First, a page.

Ditto what I said about veg to Sabine, Ruth! It's nice, isn't it, to make stews, casseroles, meat sauces etc. to last a couple of days or more — as the flavour does improve. Your smoothies sound fantastic.

The Solitary Walker said...

PS Sabine, after redesigning our garden recently, we now have a raised-bed veg plot and a fabulous big green compost bin! Bliss.

George said...

Great suggestions, here, Robert, and I applaud your creativity and frugality, both of which are steps to "the simple life" that is a lodestar for many of us. I am a peasant at heart, and my favorite meals are usually soups, stews, or casseroles that are created with more imagination than step-by-step design. Like others who have commented, we frequently roast a variety of vegetables with herbs and a light drenching of olive oil.

ksam said...

Damn you!! :-) After eating breakfast, made of simmering left over brown rice and grain mix for half hour with a bit of milk to make a porridge (Delish!) YOU have me hungry!

This year, in addition to waste not want not, composting and growing...I've decided to add some chickens to the mix. Feeding them leftover bits will also help assuage any guilt of things not eaten!!

So here's to yummy discoveries as we try to to waste!

The Weaver of Grass said...

A man after my own heart Robert - I made such a bread and butter pudding today! Sticks to your ribs as Malcolm used to say. Delicious - and plenty left for tomorrow.

The Solitary Walker said...

George, I love 'peasant', country food, as I myself am a country boy, not only at heart, but also by birth! Would never say no to a five-course haute cuisine meal though...

Karin — great to hear from you! I knew the subject of food would bring you in ;)

I thought you might approve of this post, Pat! Bread and butter pudding — so delicious.

Anonymous said...

have you read this?


it's got a recipe for frumenty - and for rook pie (no horse for some reason)


The Solitary Walker said...

I didn't't know this country recipe book, Andy — but if Elizabeth David says it's classic, then that's good enough for me. I shall get a copy. It looks beautifully produced, too. Frumenty looks rather wholesome — even more appetising when washed down with a slug of rum, apparently. But I'll forego the rook pie!

Dominic Rivron said...

Haven't had bread and butter pudding for a long time. I feel like some now.

Talking of things culinary, I've recently developed a taste for Vegemite. I feel slightly traitorous.

Vagabonde said...

You share some good tips. After cooking for so many years I am pretty good at knowing how much to buy, so we rarely have anything to throw away. I don’t cook the American way much, but more the French Mediterranean way, with lots of fresh veggies and herbs. If I have some veggies left over I usually create a new recipe, stir fry them with some added things – that happens at least once every other week. The problem is that if I don’t write them down I forget what I cooked and if we liked something then … it’s gone.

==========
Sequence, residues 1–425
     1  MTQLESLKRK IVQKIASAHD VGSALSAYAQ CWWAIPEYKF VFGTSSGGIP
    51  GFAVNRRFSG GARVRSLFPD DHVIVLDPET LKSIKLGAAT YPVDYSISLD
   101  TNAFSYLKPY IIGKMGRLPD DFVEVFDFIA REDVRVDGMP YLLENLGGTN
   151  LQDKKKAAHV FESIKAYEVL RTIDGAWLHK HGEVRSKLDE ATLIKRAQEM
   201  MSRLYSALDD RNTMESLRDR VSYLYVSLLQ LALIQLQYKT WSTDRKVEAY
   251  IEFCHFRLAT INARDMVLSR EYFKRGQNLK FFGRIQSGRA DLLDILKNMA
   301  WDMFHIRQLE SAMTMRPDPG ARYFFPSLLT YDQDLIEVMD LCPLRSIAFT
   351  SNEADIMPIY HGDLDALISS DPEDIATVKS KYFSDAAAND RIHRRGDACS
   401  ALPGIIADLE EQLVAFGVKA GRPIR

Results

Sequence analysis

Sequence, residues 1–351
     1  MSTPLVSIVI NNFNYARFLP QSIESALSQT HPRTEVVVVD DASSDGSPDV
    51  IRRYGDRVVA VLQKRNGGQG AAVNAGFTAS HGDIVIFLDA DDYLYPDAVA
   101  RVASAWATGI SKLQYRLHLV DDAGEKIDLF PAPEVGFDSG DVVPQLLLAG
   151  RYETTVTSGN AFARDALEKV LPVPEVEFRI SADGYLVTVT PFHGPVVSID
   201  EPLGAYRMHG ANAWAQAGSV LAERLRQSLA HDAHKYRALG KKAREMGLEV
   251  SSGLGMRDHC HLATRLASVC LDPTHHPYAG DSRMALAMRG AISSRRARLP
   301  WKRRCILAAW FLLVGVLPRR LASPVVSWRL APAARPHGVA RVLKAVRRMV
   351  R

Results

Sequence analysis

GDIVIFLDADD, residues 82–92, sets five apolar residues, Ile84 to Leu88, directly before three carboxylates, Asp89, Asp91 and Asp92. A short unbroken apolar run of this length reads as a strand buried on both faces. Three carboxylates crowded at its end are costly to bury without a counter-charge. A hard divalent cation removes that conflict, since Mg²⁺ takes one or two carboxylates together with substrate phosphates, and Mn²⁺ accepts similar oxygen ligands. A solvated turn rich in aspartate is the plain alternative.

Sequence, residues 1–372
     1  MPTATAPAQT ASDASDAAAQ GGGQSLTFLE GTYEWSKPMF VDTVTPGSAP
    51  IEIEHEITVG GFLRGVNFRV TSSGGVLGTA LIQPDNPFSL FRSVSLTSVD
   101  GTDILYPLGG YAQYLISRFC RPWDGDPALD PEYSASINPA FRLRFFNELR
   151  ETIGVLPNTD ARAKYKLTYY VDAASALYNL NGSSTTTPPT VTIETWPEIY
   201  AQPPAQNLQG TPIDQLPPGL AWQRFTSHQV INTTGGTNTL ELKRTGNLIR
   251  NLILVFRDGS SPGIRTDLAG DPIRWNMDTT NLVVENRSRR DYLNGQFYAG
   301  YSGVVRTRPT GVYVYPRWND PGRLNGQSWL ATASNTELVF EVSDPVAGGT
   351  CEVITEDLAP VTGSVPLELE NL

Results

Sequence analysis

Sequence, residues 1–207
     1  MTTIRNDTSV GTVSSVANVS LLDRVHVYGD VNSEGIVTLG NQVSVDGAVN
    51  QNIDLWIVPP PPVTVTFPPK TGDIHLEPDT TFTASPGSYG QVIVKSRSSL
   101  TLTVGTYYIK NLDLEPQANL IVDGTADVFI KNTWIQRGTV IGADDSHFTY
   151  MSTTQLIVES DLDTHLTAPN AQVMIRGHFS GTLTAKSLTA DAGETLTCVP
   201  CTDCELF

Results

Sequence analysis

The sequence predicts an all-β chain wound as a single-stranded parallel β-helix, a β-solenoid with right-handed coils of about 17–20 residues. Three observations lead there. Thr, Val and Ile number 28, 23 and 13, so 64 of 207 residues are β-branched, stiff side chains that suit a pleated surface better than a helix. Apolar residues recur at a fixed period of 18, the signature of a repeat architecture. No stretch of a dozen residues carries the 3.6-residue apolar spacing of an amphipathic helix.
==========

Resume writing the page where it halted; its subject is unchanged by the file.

The Solitary Walker said...

Pat has some left, Dominic (see above). Go visit! Vegemite? Oh dear!

The Solitary Walker said...

'The French Mediterranean way' — oh yes.

You're the first to mention stir frying — such a great way use up all those odd bits of cabbage, carrot, celery etc. in the vegetable rack. And after the chopping it's so quick. Plus you can add in oddments of leftover, cooked meat near the end, if you wish!

Grizz………… said...

I missed this post the other day but still wanted to comment because I'm so pleased to find out I'm not alone in an ingrained horror against wasting food. My parents never wasted food either, so I guess it's partly upbringing. But I expect it's also my frugal nature and the fact that a lot of food items past their prime, while wilted or otherwise not looking their best, are still usable and just as tasty.

Like you I regularly employ such veggies in soups and stews, which I love and make often. The fruits go into compotes and the like. I also make croutons with leftover bread (chop in small cubes, drizzle with olive oil, sprinkle on salt, pepper, garlic powder, and various dried herbs, and bake or toast in the oven, turning until all side are brown, then cool and store in containers in the freezer) which I use on salads and as topping for those soups. Stale quick breads are often just chopped into fairly large hunks and frozen, to be used later in stuffing or dressing for chicken and pork dishes. But I have to got to try that bread and butter pudding of yours because it sounds wonderful!

Anonymous said...

While I will happily eat vast quantities of bread and butter pudding, I must say that I prefer bread pudding. This is also easier to carry when walking (although possibly not if you are worried about the weight in your pack).


The Solitary Walker said...

Not sure of the difference, Andy!

The Solitary Walker said...

And thanks, Grizz, for your own comment. Looking forward to your report on the bread and butter pudding!